• David Gee
UK armed forces focus most of their recruitment outreach on boys with few or no qualifications living in disadvantaged neighbourhoods. Within this group, the main target are so-called “pre-eligibles”: young people below 16, the minimum age of recruitment in Britain. To attract these, the army and air force run recruitment schemes for children as young as 13. The army’s version, called Camouflage, consists of online games, free merchandise and literature that glamorises soldiering as heroic and fun, and emphasises the adventure training opportunities available. Recruiters target age groups even younger than this at village fetes and air shows. In February 2007, the head of army recruitment strategy, Colonel David Allfrey, told The New Statesman:
“Our new model is about raising awareness, and that takes a ten-year span. It starts with a seven-year-old boy seeing a parachutist at an air show and thinking, ‘That looks great.’ From then on the army is trying to build interest by drip, drip, drip.”
Young people without qualifications are targeted for relatively unskilled jobs such as logistics and, especially, the infantry, which is by far the largest part of the army. In 2010, infantry personnel were seven times more likely to be killed in Afghanistan than were the rest of the armed forces. Infantrymen are also more likely to be younger and poorer than the rest of the armed forces, yet it is one of the most glamorised roles.
Outreach to schools is a major part of the recruitment strategy, particularly for the army. In 2009, army recruiters visited 40% of London’s state-run secondary schools. As might be expected, the poorest fifth of schools were visited most. This could be because the army targets these, which is likely, or because teachers in poorer schools invite the army to offer career options to young people who are unlikely to do well in their exams and would struggle to find a civilian job. There is no policy against recruiters visiting primary schools and in 2009 the army visited 64 of these nationwide, although it also insisted that this was not for recruitment purposes.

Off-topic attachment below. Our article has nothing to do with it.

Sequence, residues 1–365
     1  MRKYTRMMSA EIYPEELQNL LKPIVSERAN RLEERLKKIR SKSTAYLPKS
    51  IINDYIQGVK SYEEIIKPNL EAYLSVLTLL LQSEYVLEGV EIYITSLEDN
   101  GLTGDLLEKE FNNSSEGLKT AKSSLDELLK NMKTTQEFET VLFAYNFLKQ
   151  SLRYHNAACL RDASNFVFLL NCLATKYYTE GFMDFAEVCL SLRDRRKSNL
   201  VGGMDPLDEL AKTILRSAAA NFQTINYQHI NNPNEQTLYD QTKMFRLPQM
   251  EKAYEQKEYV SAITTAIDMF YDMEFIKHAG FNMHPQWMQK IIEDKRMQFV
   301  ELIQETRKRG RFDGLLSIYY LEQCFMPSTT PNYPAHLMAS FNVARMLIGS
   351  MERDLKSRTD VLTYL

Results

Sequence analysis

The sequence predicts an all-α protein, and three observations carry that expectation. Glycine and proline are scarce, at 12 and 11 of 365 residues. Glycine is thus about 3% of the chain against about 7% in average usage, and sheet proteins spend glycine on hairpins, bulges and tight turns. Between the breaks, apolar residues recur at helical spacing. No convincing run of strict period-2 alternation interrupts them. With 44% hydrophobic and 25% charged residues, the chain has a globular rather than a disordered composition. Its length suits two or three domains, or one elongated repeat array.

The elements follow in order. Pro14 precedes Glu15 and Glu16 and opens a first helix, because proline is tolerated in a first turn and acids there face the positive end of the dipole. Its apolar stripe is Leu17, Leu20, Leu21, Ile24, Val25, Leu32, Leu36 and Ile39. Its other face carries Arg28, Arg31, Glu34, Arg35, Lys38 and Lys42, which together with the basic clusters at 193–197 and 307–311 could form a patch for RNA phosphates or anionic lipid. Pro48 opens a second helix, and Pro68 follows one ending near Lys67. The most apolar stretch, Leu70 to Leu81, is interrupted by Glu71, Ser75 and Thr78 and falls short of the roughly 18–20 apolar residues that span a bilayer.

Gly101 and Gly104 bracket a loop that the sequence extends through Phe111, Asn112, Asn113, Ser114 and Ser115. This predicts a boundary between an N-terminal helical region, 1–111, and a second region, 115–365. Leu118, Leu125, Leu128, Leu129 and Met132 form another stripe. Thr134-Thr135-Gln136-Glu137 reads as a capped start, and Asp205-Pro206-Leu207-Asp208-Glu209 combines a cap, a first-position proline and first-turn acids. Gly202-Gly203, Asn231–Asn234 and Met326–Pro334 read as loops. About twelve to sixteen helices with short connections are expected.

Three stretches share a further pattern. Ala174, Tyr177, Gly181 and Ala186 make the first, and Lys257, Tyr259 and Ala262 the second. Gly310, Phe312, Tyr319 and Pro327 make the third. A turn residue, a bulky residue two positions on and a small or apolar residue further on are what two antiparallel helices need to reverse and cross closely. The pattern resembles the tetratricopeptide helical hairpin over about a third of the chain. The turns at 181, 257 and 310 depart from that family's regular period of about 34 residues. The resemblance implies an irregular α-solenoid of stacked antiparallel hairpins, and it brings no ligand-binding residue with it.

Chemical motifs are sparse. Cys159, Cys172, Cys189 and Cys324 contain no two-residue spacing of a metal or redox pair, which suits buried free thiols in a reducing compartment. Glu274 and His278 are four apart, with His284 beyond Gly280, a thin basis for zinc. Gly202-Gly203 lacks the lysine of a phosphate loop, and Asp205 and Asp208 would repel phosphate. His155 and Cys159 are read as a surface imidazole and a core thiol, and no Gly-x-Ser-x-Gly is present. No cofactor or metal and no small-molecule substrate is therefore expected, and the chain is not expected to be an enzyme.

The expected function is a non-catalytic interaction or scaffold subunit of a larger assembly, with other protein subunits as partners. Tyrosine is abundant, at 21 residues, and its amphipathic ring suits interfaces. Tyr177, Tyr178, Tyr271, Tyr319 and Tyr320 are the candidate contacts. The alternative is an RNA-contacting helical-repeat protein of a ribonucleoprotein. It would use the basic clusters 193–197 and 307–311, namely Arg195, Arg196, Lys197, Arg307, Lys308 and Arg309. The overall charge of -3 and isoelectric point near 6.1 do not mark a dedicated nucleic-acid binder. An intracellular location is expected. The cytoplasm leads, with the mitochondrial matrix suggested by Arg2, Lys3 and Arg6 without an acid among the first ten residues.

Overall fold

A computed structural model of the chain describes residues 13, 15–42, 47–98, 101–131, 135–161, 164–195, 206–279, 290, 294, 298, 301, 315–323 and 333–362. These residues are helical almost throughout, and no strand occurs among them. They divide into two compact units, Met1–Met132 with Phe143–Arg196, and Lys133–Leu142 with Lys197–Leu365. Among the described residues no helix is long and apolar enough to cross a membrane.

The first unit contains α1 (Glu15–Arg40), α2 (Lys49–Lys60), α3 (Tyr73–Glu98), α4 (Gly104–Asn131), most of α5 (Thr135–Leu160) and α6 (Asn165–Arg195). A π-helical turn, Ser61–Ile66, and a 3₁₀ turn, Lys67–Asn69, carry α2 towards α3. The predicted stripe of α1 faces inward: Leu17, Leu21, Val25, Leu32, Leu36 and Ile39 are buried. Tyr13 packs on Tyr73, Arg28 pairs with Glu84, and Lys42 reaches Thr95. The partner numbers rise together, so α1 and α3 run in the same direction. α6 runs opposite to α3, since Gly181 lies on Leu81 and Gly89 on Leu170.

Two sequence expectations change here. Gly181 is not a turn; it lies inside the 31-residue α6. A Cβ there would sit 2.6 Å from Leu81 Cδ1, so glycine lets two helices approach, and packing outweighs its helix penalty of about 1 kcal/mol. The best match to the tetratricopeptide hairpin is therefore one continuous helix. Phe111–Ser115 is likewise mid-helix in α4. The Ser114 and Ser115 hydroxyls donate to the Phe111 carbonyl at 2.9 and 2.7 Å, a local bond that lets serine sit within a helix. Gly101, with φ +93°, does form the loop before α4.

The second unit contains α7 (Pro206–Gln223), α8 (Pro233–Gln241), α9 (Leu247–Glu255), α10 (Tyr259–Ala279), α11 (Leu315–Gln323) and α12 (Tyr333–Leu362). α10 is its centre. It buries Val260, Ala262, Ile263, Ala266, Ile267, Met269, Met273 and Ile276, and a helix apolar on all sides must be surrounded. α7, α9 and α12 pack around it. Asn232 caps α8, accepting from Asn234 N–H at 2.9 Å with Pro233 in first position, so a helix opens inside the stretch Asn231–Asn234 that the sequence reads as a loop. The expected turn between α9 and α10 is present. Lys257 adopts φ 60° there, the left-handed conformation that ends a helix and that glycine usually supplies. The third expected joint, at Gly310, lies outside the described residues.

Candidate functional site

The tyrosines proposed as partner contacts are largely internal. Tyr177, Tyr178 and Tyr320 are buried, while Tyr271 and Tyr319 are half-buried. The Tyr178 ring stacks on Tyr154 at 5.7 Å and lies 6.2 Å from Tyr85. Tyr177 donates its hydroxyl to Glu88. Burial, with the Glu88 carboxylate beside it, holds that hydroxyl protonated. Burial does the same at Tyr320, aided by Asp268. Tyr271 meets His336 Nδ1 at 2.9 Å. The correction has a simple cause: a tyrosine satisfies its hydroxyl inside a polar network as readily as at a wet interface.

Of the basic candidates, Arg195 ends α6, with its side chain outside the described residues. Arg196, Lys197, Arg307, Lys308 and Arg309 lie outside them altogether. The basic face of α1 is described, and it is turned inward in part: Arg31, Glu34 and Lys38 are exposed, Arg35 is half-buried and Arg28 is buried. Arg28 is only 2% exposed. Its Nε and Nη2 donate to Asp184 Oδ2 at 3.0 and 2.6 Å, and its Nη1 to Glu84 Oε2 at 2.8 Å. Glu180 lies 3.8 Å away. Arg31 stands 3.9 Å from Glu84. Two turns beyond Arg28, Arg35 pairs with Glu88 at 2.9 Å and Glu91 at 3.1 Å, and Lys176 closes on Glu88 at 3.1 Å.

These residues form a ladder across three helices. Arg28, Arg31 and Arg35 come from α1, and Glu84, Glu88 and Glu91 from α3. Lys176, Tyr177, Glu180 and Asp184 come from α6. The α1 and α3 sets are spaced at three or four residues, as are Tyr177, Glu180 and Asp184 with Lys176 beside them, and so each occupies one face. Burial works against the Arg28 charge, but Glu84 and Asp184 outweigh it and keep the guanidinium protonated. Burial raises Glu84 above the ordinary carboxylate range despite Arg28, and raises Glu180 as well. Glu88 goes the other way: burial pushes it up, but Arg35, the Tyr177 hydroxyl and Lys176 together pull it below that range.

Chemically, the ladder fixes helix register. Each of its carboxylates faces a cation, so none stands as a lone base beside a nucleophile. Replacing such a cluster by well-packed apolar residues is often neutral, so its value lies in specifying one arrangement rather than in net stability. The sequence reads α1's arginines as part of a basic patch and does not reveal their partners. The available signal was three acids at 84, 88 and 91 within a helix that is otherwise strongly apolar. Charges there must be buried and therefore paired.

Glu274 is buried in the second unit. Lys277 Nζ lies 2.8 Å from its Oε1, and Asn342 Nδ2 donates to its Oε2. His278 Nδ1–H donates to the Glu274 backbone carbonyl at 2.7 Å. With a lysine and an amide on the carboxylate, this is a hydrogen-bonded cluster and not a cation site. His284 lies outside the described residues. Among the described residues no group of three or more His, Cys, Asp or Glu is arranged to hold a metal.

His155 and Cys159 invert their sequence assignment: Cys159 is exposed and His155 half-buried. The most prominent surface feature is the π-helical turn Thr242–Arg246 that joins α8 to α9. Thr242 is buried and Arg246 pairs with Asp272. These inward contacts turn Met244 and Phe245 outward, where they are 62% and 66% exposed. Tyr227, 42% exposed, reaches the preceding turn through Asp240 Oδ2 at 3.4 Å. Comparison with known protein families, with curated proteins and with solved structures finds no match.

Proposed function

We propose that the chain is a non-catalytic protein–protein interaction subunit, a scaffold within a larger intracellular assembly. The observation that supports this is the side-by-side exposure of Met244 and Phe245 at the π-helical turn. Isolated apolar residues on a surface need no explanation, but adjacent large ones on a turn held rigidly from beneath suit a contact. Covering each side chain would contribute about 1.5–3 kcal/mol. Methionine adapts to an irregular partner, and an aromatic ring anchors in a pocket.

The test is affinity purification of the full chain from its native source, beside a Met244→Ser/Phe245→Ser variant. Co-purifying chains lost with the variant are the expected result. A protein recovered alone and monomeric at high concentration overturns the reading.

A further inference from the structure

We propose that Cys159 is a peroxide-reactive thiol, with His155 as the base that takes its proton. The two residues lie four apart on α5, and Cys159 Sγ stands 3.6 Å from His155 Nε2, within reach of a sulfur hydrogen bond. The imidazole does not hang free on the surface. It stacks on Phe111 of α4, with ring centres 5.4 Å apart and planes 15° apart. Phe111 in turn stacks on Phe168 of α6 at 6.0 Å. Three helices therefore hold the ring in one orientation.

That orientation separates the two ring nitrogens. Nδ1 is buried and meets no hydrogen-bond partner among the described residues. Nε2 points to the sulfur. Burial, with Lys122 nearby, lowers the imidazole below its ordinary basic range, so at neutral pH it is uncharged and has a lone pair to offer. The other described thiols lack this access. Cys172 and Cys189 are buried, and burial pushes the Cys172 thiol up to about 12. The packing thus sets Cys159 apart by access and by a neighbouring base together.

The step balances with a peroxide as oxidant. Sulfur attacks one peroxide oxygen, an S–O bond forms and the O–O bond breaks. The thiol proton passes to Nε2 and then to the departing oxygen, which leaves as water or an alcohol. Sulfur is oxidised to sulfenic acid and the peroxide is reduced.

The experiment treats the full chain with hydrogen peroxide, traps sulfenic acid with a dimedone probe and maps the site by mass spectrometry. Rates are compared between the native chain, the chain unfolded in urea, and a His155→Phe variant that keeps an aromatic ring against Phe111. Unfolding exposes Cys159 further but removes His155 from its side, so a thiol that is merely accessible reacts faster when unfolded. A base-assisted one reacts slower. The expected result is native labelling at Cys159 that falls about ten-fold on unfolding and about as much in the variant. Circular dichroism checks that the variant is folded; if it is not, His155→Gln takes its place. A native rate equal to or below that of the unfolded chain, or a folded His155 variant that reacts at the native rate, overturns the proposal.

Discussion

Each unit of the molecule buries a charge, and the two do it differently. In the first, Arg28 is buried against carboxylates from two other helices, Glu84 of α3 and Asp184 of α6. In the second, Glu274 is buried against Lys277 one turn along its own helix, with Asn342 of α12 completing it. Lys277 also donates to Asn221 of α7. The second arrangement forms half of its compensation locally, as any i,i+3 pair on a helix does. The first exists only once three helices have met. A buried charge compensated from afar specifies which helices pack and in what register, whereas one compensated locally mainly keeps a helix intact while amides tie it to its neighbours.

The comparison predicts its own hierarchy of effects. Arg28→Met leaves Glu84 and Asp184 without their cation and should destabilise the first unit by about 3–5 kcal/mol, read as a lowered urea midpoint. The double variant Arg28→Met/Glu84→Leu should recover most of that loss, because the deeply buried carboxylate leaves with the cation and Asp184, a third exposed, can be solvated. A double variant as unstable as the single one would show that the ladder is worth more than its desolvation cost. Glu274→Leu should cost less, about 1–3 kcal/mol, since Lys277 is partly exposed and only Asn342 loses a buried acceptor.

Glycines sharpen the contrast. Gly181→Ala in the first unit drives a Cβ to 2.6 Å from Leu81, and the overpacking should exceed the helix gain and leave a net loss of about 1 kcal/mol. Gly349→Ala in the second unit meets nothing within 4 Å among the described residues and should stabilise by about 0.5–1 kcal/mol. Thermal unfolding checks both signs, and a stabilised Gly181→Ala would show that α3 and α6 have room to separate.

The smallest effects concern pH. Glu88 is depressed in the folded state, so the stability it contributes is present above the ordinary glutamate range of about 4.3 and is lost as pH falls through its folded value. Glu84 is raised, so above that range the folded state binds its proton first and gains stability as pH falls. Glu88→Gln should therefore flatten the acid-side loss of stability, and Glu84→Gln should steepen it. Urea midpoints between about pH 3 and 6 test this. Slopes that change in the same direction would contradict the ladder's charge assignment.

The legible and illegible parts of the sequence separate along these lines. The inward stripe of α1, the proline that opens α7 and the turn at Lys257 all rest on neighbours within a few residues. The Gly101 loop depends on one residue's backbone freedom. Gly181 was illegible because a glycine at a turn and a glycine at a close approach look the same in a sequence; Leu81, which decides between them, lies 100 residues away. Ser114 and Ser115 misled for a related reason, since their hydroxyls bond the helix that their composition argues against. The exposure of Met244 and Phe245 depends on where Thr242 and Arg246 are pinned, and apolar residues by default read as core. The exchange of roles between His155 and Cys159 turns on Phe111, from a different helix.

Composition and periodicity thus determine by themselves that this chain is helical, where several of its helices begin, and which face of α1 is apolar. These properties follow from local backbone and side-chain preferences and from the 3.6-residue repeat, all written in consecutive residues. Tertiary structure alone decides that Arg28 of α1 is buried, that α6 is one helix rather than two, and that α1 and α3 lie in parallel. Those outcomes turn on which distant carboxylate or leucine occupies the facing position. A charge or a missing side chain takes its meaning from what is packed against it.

It is typical for recruiters to bring military hardware onto school premises (in at least one case a military helicopter was landed in a playground) and to “train” children in military practice, such as a rifle drill. Army visits to schools are supplemented with away-days to military establishments such as army barracks and navy ships, where children handle more hardware; at the end of the day they are given a certificate of personal achievement with the address of the nearest recruiting office.
Recruiters can only visit a school with the head teacher’s permission, and so the armed forces work hard to develop friendly relationships with them. To support their case, recruiters may offer to help teachers in the classroom by supporting children with maths and English problems. The army describes itself as “heavily involved” in the delivery of the school curriculum for 11- to 16-year-olds. In 2008 the Ministry of Defence launched a sophisticated series of lesson plans for teachers to download. Indeed, only in 2009 did the army talk openly about schools visits as part of their recruitment strategy; previously they had insisted that their purpose was solely to support schools with the the curriculum and “raise awareness” of armed forces careers.
For these and also personal reasons of their own, many teachers welcome recruiters. Others are sceptical and some schools and local authorities have banned all contact. In 2008, the National Union of Teachers criticised military recruitment in schools and offered to support teachers wishing to resist the practice. School students have also successfully campaigned to stop military contact, or have challenged recruiters so effectively that they have chosen not to return. In any case, recruiters try to bypass teachers, parents and other gate-keepers by reaching young people online with sophisticated, first-person-perspective war games, in which the user plays the role of a British soldier or airman.
In the UK, a new organisation, Forces Watch, aims to support this kind of approach. Another, BeforeYouSignUp.info, tries to present balanced information about careers in the forces to counter the glamorised descriptions in official marketing material, and offers a lesson plan on the ethics of military recruitment. Perhaps one of the most effective ways of countering inappropriate recruitment tactics in the future will be to work directly with school students to increase awareness of the ethical issues that schools recruitment raises.